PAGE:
Australian electronic rock project Empire of the Sun return to San Francisco on Saturday, September 19 to perform at Bill Graham Civic Auditorium with support from South African alternative dance act St. Lucia, and synthpop duo Holy Ghost.
For the last six years, Empire of the Sun has been one of the premier acts in the live music arena. The band is a collaboration between Luke Steele and Nick Littlemore. They have played countless shows and festivals worldwide. Their shows are a fantastic experience full of ornate costumes, masks and dancers. Their 2009 debut album Walking on a Dream put Empire of the Sun at the forefront of the mainstream alternative rock, emphasizing upbeat electronic grooves with catchy choruses. Their 2013 record Ice on the Dune pushed their sound further toward dance-centric styles with heavier basslines and sizzling synthesizers throughout.
We interviewed Empire of the Sun front-man Luke Steele about the development of the band over the years, details about their on-stage dancers, choreography and their plans for the future.
Did you grow up listening to your parents’ music or did you discover sounds more on your own?
Yeah, definitely more my parents’ music. My father is a blues musician. I kind of got brought up on J.J. Cale, B.B. King and Howlin’ Wolf. And a bunch of other stuff.
When did it hit you that Empire would be a very successful music project?
I guess it was when we were traveling the world. Getting to play [outside of Australia] in America, Russia, and Singapore.
Have you always seen Empire as a dance project or has it been an evolution between genres?
I kind of fell into Nick’s [Littlemore] world a little more than my world. He kind of brings it down. You know, he grew up in dance. It’s all kind of new to me. I’m from guitar-based music. It’s a good mix.
How do you recruit your on-stage dancers and design their choreography?
We actual did a switch to American dancers and it was quite an awesome discovery. Every dancer has a history, repertoire and a certain style. [We get a sense of their style], then we sort of dive in, find a theme, and move from there. We currently have four [dancers] touring with us.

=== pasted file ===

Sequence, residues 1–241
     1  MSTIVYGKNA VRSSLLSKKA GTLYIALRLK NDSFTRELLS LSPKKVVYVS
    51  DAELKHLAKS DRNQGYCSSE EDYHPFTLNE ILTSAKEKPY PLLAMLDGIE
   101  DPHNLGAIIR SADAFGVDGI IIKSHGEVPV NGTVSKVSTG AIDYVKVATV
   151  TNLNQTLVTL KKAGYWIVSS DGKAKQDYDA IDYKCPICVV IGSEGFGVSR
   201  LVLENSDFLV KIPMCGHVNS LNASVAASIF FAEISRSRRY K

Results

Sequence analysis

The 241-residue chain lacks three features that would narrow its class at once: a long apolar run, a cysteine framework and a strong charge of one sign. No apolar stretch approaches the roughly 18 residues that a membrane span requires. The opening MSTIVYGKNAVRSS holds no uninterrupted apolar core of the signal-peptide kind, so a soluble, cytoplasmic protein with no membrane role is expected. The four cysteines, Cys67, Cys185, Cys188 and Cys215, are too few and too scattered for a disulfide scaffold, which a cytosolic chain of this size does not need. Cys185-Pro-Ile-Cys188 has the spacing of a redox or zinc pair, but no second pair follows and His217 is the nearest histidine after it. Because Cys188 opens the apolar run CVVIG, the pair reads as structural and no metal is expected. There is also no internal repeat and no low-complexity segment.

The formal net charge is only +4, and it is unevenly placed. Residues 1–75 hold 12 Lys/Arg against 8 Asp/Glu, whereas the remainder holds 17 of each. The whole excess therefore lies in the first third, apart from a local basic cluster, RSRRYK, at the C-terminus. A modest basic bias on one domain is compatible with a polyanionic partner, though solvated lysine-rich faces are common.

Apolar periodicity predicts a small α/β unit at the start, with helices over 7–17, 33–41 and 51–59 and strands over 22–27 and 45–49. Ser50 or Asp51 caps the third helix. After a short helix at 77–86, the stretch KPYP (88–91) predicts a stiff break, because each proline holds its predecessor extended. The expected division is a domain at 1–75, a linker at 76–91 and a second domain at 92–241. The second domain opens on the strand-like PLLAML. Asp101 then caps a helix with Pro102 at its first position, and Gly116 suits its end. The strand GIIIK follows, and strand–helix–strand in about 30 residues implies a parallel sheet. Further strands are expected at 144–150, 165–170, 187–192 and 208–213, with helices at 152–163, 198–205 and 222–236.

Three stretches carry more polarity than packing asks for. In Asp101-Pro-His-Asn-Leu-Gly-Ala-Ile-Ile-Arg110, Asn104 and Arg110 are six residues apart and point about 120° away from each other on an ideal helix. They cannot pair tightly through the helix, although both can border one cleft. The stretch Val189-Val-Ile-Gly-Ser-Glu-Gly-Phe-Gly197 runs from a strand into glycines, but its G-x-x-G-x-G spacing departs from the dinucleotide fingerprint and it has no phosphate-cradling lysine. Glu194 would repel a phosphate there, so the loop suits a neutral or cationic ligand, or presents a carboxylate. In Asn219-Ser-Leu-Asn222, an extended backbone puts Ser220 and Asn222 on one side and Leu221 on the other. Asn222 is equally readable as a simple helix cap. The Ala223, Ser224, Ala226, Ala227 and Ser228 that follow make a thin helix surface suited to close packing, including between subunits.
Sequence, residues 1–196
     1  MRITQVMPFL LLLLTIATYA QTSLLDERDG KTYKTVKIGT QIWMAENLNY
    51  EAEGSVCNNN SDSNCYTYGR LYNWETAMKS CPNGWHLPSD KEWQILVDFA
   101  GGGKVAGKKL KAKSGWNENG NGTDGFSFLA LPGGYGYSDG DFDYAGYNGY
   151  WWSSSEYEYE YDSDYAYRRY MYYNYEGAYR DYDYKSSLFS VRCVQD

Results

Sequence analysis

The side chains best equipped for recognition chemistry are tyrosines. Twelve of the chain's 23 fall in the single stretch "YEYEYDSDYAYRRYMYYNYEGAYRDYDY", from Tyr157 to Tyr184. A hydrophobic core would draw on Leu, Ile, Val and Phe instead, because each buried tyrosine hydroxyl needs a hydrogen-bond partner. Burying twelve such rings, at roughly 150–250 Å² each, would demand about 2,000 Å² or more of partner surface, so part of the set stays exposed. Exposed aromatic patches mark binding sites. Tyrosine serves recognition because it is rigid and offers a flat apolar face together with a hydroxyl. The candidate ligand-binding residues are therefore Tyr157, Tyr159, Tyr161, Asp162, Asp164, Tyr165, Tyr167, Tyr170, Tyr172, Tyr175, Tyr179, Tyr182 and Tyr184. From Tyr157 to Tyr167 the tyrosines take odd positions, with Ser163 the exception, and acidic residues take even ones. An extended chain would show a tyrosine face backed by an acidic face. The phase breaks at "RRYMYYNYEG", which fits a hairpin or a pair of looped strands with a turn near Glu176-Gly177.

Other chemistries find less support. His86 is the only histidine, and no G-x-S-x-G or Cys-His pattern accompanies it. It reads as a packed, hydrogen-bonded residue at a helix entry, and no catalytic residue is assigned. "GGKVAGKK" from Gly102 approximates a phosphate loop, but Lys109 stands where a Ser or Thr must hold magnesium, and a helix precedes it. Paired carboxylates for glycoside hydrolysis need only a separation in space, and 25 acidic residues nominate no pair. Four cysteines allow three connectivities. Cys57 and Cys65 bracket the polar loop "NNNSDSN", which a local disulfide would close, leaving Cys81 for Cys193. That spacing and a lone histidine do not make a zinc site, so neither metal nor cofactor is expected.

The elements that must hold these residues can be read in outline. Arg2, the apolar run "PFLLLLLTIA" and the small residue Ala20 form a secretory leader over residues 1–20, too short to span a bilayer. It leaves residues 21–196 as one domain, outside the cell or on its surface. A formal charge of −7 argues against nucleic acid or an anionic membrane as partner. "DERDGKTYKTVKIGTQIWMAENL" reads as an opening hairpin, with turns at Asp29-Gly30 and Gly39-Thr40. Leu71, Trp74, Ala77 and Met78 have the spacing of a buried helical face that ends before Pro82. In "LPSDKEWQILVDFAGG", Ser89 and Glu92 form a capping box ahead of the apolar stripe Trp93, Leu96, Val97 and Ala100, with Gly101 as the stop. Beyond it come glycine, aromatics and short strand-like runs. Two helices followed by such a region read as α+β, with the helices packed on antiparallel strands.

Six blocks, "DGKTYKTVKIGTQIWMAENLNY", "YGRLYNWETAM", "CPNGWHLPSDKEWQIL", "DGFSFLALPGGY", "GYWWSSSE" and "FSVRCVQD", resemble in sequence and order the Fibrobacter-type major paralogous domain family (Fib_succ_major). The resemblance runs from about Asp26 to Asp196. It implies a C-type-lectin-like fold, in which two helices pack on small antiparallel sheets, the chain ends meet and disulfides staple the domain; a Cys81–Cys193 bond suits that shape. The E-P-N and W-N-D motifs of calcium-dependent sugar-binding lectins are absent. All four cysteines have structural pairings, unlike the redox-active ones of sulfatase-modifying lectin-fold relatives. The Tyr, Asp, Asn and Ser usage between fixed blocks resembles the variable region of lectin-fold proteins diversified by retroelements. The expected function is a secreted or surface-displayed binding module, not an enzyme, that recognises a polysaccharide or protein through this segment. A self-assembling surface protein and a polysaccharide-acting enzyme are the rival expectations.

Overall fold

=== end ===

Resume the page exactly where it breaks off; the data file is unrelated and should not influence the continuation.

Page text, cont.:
What do you enjoy most about visiting San Francisco?
Last time I was there, I got a personal tour of the Skywalker Ranch. I guess so many people get to do that but I felt pretty lucky to be able to go there and relive my childhood.
Who would be some dream musical collaborators?
There’s tons. I would like to do a song with Brandon Flowers. He’s really cool and has such a good voice. It would be good to do something with Kanye. Also, it would be great to work with Bruce Springsteen.
Would you ever consider releasing additional content using a different pseudonym?
Yeah man. I already have another three bands. It’s cool. I think it sort of like arts, you know, the ones that realize what’s going on in the musical climate. When something’s going, you gotta ride it while it’s hot. We’ve sort of had that with Empire, snowballing into a lot of other collaborations. We’re going to be touring the remainder of this record for the end of the year and probably have a break.
Does Empire have any upcoming releases in the pipeline?
Not yet. I think the record has been pushed back. We’re just gonna keep riding it until Christmas. But yeah, there’s always the odd collaboration here and there. Nothing imminent at the moment.